The Nepal government has to pay an annual interest rate of 1.5 percent and a service charge and management expenses amounting to 0.4 percent of the overall loan amount taken by the Ministry of Finance as per the deal. The ministry, in turn, would charge Nepal Airlines an annual interest rate of 8 percent on the disbursed loan amount.
As per the November 2012 agreement, China had given a seven-year grace period under which Nepal Airlines would not have to repay the loan interest and instalment. The payback period of the loan is 20 years.
Nepal Airlines officials admit that the Chinese planes have multiple problems.
“We don’t get spare parts in time, nor are the spare parts available in other countries or with vendors,” said Kharel. “A shortage of pilots to fly these planes is another big issue.”
According to an official at the Civil Aviation Ministry who agreed to speak on condition of anonymity, Nepal Airlines was asked to present a report on Chinese planes—including why it cannot operate the planes and how the problems can be sorted out—during a Nepal Airlines Corporation board meeting five months ago. The board includes the joint secretaries from the Civil Aviation Ministry and the Finance Ministry.
“The report has yet to be tabled at the board,” said the official.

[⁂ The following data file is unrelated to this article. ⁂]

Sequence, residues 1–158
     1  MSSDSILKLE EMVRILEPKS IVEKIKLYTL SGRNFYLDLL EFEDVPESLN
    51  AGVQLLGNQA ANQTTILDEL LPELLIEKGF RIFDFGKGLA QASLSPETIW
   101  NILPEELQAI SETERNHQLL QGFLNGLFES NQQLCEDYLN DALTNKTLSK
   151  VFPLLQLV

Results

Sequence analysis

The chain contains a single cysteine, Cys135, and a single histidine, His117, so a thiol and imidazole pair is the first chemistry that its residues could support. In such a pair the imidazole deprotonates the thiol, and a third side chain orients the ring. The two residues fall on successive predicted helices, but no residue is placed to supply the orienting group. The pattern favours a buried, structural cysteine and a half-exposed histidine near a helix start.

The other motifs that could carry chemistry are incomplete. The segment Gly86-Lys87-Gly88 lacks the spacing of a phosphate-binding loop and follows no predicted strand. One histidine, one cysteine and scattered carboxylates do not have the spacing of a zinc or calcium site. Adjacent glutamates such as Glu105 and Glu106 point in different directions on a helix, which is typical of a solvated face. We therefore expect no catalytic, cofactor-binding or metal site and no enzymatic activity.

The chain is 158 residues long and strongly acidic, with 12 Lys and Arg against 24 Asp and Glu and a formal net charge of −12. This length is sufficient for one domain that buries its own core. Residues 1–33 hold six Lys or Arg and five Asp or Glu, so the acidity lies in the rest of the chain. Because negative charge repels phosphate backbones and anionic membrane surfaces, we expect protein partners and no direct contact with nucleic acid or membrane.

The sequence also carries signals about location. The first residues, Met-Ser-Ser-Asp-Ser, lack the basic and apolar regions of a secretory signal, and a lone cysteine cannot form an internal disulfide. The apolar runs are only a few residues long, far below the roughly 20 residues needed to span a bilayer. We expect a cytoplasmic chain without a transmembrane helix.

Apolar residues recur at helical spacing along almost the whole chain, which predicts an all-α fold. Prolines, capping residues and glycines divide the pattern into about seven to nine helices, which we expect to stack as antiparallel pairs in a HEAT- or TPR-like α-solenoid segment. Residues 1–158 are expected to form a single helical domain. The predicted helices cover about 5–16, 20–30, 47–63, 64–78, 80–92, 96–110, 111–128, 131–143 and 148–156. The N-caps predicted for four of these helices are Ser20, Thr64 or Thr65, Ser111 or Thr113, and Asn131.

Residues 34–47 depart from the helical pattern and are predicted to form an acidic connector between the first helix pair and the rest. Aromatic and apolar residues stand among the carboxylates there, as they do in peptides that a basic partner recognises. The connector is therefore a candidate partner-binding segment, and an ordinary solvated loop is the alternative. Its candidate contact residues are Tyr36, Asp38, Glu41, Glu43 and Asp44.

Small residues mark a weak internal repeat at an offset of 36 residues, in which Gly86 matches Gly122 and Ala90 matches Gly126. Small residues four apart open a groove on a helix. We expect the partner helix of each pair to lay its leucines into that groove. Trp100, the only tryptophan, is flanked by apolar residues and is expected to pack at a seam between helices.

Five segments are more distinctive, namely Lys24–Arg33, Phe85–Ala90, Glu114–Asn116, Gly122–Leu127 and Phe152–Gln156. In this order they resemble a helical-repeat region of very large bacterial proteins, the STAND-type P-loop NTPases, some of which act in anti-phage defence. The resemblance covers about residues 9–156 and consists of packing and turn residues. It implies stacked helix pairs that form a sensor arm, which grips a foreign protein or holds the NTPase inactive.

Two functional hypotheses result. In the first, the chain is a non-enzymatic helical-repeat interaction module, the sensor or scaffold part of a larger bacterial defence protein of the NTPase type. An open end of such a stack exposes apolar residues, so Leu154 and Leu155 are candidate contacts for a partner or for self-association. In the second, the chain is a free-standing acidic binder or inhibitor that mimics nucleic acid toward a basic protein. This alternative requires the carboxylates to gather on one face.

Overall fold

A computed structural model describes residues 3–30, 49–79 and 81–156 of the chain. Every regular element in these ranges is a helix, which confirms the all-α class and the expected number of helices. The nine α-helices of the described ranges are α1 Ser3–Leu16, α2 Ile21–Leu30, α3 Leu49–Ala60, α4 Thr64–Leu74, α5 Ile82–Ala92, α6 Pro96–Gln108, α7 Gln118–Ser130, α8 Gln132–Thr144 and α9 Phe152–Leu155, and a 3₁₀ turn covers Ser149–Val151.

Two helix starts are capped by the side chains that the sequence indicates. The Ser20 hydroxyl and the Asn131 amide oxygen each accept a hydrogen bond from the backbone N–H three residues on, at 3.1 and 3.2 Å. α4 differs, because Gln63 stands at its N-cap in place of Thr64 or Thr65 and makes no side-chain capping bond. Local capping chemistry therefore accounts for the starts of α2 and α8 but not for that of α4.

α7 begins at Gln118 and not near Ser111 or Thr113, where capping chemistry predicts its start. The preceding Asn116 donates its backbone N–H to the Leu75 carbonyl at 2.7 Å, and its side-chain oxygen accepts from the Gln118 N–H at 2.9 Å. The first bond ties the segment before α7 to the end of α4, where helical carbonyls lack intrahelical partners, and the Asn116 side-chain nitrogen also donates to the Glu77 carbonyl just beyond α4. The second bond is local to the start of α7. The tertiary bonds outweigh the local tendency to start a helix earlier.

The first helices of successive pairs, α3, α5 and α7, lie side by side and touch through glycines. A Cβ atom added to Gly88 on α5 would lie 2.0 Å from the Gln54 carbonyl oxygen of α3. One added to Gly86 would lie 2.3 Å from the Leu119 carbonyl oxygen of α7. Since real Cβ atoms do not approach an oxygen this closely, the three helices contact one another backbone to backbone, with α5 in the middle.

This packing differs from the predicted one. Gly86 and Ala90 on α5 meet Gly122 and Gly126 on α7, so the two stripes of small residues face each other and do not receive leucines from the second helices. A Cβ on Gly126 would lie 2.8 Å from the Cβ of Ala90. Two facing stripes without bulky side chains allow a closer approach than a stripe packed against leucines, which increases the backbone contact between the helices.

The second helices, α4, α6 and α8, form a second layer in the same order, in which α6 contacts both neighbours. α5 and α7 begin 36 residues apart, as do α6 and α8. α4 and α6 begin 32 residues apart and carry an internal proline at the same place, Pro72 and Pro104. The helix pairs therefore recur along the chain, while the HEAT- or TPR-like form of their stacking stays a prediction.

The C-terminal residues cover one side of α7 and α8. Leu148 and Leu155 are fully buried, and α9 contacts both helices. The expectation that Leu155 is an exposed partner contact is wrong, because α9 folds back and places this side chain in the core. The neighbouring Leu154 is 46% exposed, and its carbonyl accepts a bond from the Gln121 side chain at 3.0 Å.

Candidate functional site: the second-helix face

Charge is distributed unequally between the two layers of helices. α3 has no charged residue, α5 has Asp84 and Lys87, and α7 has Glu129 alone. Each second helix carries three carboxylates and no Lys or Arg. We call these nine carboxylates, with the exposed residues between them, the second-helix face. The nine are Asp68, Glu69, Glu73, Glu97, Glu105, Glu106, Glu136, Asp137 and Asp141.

Given the high cost of the Chinese planes, Nepal Airlines has only two options—either sell them or bring them into operation.
Kharel said that the airlines would prefer to sell the Chinese planes. “But if that does not work, we will have to fly them,” he said.
Out of the four Y12e, only one is currently in operation as Nepal Airlines has just two trained captains capable of flying the Chinese planes.
“We plan to bring another one into operation by mid-December and the third one by January next year,” he said. The fourth plane is expected to come into operation by March.
“We have two captains to fly the Y12e and one instructor pilot,” said Kharel. “Two more captains will be trained soon.”
The corporation has one MA60 still grounded and plans to bring it into operation by mid-December.
Kharel said that they have adopted a new strategy to retain pilots to fly the Chinese planes.